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There is an intense love of freedom evident in the "Xing zi mingchu," a text last seen when it was buried in a Chinese tomb in 300 B.C.E. It tells us that both joy and sadness are the ecstatic zenith of what the text terms "qing." Combining emotions intoqingallows them to serve as a stepping stone to the Dao, the transcendent source of morality for the world. There is a process one must follow to prepareqing: it must be beautified by learning from the classics written by ancient sages. What is absent from the process is any indication that the emotions themselves need to be suppressed or regulated, as is found in most other texts from this time. The Confucian principles of humanity and righteousness are not rejected, but they are seen as needing ourqingand the Dao. Holloway argues that the Dao here is the same Dao of Laozi'sDaode jing. As a missing link between what came to be called Confucianism and Daoism, the "Xing zi mingchu" is changing the way we look at the history of religion in early China.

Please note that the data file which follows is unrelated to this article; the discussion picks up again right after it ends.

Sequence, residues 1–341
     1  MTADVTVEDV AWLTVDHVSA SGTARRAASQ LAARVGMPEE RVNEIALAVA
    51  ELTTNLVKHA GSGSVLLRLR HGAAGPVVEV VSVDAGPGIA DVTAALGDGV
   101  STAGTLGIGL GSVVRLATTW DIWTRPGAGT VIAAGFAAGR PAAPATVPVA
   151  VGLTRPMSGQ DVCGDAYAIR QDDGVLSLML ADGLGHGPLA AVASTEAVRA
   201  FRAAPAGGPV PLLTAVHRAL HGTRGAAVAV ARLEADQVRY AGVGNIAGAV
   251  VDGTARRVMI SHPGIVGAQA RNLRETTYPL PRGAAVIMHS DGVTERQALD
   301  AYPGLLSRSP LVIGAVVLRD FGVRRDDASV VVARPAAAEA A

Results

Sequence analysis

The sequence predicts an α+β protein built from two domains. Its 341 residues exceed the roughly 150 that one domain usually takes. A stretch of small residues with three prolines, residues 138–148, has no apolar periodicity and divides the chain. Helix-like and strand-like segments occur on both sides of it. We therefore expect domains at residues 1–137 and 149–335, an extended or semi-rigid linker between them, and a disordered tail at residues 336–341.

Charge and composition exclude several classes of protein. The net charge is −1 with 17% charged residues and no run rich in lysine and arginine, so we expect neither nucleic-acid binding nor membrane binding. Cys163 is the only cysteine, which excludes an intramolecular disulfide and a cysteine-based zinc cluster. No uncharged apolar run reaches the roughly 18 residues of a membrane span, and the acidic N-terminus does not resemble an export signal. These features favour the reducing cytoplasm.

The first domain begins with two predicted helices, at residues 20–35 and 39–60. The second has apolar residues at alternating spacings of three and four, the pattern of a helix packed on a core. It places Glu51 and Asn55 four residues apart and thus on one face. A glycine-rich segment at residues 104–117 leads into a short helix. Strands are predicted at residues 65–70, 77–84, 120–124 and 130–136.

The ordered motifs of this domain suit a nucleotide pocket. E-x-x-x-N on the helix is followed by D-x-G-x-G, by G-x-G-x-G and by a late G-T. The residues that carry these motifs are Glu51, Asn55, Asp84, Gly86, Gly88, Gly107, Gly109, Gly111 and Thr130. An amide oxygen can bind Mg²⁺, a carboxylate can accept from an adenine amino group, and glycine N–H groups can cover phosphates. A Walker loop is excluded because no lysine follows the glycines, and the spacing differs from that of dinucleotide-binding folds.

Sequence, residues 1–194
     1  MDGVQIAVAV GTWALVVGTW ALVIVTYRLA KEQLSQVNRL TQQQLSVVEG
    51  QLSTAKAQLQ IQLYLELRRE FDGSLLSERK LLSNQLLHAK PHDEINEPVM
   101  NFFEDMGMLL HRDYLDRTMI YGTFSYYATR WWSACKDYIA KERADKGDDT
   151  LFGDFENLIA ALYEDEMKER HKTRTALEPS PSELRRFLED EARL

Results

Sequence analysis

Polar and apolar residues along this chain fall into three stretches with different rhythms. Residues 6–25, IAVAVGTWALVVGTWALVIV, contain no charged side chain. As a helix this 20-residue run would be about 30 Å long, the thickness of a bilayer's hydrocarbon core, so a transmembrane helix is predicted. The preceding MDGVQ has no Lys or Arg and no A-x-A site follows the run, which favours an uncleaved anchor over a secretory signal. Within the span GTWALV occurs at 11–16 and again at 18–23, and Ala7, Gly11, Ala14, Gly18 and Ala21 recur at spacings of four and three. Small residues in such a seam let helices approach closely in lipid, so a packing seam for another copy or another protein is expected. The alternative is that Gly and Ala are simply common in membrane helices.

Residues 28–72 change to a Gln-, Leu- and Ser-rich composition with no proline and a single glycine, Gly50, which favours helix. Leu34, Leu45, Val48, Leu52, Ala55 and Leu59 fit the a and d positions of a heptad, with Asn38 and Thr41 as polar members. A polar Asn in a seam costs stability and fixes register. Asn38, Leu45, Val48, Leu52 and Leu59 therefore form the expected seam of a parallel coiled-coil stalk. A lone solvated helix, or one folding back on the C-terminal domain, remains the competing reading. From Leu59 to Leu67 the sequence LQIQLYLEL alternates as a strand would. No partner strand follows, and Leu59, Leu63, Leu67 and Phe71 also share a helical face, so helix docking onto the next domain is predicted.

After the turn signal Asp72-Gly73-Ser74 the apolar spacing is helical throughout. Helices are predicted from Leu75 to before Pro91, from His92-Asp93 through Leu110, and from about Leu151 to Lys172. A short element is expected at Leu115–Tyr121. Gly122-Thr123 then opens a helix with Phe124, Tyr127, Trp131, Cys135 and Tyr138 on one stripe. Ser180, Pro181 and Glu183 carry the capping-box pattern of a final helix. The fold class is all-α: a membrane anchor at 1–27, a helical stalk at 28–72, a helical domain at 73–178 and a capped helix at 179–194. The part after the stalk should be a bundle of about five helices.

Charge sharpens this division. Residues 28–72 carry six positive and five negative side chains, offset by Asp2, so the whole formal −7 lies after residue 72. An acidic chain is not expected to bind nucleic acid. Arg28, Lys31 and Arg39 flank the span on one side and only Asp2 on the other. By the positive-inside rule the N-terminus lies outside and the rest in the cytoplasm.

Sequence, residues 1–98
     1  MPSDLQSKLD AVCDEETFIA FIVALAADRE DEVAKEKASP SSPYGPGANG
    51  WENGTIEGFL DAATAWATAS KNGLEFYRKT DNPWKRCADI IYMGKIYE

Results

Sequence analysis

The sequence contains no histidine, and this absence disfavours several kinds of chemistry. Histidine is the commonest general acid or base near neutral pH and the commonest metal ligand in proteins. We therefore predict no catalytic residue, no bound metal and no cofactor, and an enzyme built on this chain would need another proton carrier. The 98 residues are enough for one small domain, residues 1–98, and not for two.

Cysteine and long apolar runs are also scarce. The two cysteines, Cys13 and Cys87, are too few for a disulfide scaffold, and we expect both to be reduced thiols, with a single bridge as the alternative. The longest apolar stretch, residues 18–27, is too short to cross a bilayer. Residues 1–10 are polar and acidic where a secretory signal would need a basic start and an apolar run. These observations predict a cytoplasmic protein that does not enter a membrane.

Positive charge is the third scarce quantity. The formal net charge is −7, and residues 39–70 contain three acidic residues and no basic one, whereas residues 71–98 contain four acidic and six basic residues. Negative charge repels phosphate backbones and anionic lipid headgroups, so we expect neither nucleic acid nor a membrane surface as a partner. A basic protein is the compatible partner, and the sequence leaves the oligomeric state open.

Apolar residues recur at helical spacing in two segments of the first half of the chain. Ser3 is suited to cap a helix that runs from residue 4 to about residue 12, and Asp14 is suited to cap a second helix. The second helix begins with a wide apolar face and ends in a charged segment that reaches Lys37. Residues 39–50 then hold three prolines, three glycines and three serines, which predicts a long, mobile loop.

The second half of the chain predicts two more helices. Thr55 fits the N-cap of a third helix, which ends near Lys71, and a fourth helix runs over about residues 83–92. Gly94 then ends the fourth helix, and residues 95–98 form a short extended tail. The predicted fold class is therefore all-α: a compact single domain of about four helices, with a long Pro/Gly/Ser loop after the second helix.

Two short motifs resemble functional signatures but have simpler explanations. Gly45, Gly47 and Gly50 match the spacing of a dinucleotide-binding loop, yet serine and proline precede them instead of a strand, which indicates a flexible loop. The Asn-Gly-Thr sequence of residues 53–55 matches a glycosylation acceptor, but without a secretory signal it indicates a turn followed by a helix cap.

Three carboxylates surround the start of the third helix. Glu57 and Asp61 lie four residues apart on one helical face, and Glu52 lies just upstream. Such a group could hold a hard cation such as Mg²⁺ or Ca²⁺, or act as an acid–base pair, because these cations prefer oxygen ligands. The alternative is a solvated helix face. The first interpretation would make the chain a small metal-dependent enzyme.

Kenneth Holloway is Associate Professor of History and Levenson Professor of Asian Studies at Florida Atlantic University.